Future fossil fuel power plants need to be equipped with CCS

Feb 04, 2008 01:00 AM

by Eivind Hoff

Full-scale power plants capturing and storing carbon dioxide (CCS) must become a reality by 2015, stakeholders from NGOs, industry and the EU institutions concluded in Brussels on January 30th.
The European Commission’s proposals on CCS were welcomed but criticised for not being ambitious enough.

On January 23rd, the Commission published a series of proposals to enable the EU to reach its climate change mitigation targets for 2020. The proposals have been the topic of much debate during the EU Sustainable Energy Week, and the CCS proposals were centre-stage on January 30th.
“CCS is a noisy ghost covering up conventional coal-fired power plants,” Claude Turmes, a prominent green member of the European Parliament, said and pointed out that current plans for building conventional coal-fired power plants by far dwarfed plans for coal-fired CCS power plants in Europe.

Public support for CCS required
This prompted Bellona Europa’s panellist in the debate, Paal Frisvold, to stress the urgency of building full-scale CCS demonstration plants, in order to prevent the build-up of new conventional fossil fuel power plants across Europe. He said that a level of public support is necessary to do this.
“We need to urgently get the smaller CCS pilot projects currently underway up to full-scale demonstration plants. The question is: Will the future price of CO2 emissions in the EU emission trading system -- ETS -- be sufficient to make CCS commercially interesting by 2015? We doubt it. It is promising that the Commission in its proposal for a new ETS directive suggests to earmark 20 % of auction revenues from future sales of ETS allowances to climate change measures, such as CCS. This could be a way to finance the demonstration plants. But these revenue streams will only start in 2013, which may not be soon enough. In order to make full-scale CCS a reality by 2015, companies need to make investment decisions very soon, so we need to urgently identify other revenue sources,” he said.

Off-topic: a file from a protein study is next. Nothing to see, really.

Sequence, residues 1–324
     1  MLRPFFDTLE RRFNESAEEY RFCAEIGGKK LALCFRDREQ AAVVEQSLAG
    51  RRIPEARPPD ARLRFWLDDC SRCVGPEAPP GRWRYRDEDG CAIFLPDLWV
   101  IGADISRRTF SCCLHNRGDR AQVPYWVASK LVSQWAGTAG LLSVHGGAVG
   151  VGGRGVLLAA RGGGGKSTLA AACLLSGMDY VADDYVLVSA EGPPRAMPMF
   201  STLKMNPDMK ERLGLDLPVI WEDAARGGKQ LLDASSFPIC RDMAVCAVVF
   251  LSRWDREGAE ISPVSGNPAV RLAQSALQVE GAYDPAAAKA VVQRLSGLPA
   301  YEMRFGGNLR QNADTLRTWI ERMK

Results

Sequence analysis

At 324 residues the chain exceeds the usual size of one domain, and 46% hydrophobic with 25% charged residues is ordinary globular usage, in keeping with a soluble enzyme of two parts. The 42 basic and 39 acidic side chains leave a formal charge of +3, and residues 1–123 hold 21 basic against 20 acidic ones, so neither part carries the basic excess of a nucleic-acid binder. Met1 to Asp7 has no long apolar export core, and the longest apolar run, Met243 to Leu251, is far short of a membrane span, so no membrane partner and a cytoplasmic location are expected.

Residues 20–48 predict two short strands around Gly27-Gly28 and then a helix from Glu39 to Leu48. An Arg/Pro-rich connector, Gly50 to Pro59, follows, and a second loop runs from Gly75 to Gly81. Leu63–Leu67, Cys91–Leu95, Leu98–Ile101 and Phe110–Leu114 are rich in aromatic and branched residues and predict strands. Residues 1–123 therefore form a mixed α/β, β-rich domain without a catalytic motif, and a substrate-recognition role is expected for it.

Frisvold added that some level of EU, as opposed to Member State-only, funding would be needed in order to ensure a coherent and complementary set of demonstration plants. EU funding would also make it easier to finance projects not only in Europe but also in emerging economies.
“It is in countries like China, India and South Africa that CCS is needed. In Europe we can reduce our emissions through energy efficiency and renewables,” Mr Turmes said.

Mandatory emission ceilings for power plants
The head of the WWF-World Wide Fund for Nature’s European climate team, Stephan Singer, said there was no way around CCS as an important “wedge” to reduce CO2 -- and ultimately “suck CO2 out of the atmosphere” by burning biomass in CCS power plants. He was disappointed that the Commission’s proposals would not make CCS mandatory.
“We need a moratorium on building new power plants where retro-fitting CCS is not foreseen,” he said.

He further argued that a mandatory ceiling forCO2 emissions per kilowatt-hour should be set, as California has done. This ceiling should be based on best available technology for fossil fuel power plants -- which could be 350 grams CO2 per kWh as is currently achieved by so-called combined-cycle gas turbines (CCGT) when used with combined heat and power (CHP) technology.
“Such emissions standards should be applicable to all new power plants from 2015 and all existing plants from 2020,” he argued.

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